Runners wait in the starting line area for the start of the TD Beach to Beacon 10K in Cape Elizabeth in 2018. Registration remains open for this year’s race, with less than 100 entries still available. Gregory Rec/Staff Photographer

In its return from a two-year COVID hiatus, the TD Beach to Beacon 10K road race still has a few spots available for runners to participate in the 2022 race on Aug. 6.

Typically, the Beach to Beacon entries sell out on the first day general registration opens in March. On Tuesday morning race organizers sent a mass email notifying people they still had an opportunity to pay $65 to run in the iconic race founded by 1984 Olympic marathon gold medalist Joan Benoit Samuelson.

“The way the registration system went this year was completely different than in the past and the numbers got skewed,” said Matt West, the CEO of DMSE which is in charge of race management for Beach to Beacon, the Boston Marathon and many other top-tier road races. “It truly is a response to the pandemic.”

As of 1:30 on Tuesday afternoon, there were less than 100 registration spots available, West said. Registration is available on the race’s website. COVID vaccinations are required for all runners and volunteers.

Because of the coronavirus pandemic and, specifically Maine’s strict limits on crowd sizes, the 2020 TD Beach to Beacon was canceled in late April of that year. Entry fees (then $55) were refunded and registered runners were given first-priority to register in 2021. In 2021, race organizers opted to hold a virtual-only event. The first 1,000 entries to the 2021 virtual event were also given priority status for this year’s race.

More than 3,500 runners who had registered for either the canceled 2020 race or participated in the 2021 virtual event claimed their entry into Maine’s largest road race through early registration from March 1-7. Approximately 4,000 runners were eligible to sign up at that time.


West said registration for Cape Elizabeth residents and general population runners “sold out where we thought it would sell out but we ended up with more,” available spots. “When you do something different it produces different results and that’s what we’re seeing.”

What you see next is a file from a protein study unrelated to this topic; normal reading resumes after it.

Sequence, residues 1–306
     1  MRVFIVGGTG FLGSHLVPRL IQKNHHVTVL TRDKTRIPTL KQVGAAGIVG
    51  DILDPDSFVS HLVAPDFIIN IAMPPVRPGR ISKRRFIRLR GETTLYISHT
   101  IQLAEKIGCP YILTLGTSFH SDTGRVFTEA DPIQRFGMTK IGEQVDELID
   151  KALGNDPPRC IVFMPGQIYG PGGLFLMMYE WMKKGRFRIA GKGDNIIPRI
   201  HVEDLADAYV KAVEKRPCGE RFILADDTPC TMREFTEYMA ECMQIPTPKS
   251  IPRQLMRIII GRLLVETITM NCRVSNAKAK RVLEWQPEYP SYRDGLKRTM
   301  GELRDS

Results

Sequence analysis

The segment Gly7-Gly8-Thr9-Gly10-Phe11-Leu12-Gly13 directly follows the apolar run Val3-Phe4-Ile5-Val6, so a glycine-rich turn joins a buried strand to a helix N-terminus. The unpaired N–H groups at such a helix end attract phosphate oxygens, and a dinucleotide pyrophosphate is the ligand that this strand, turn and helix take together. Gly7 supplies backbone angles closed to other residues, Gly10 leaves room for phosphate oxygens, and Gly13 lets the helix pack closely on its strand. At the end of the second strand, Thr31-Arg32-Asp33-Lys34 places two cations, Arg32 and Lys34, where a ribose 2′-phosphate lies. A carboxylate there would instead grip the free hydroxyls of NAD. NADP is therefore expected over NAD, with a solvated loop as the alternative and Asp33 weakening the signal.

While much slower than a pre-pandemic year, Beach to Beacon’s registration rate is well above the national norm in 2022, said West, who is also the president of the board of Running USA, the running industry’s trade association.

“As a general number, it’s in the 60 to 70 percent of what the 2019 numbers were,” West said. “Some of that is a reaction to COVID restrictions, whether those are governmental, self-imposed, venue-imposed.”

West said he suspects the decline in road race numbers can be attributed to several factors, including runner hesitancy to return to a large-crowd event, vaccination requirements, and a 9.1 percent annual inflation rate, the highest since 1981.

Beach to Beacon annually draws runners from across the country, with the race serving as the centerpiece of a Maine vacation.

Beach to Beacon will be looking to fill roughly 7,700 registrations, recognizing there is a typical 15-20 percent no-show rate on race day, West said. In 2019, 6,419 runners reached the finish line at Fort Williams Park in Cape Elizabeth.


Volunteers have been a key part of Beach to Beacon becoming a world-class event with top international professionals and Maine’s largest field of runners. Volunteer registration for 2022 is also still open.

“We are still actively recruiting volunteers, we can find a place for every single helpful hand,” said Chandra Leister of Portland, Beach to Beacon’s volunteer coordinator.

Leister said Beach to Beacon typically has between 800-900 volunteers with many filling multiple roles throughout the weekend and the recruitment of volunteers typically continues right up until race day.

“We’re in good shape. We need more. It’s hard to put a number on how many because we’re looking to fill minimum spots and then we have places for everybody,” Leister said.

All volunteers receive a shirt with the race design and are celebrated at the volunteer party held at Fort Williams on Wednesday. A list of well over 100 spots where volunteers are needed is on the race website.

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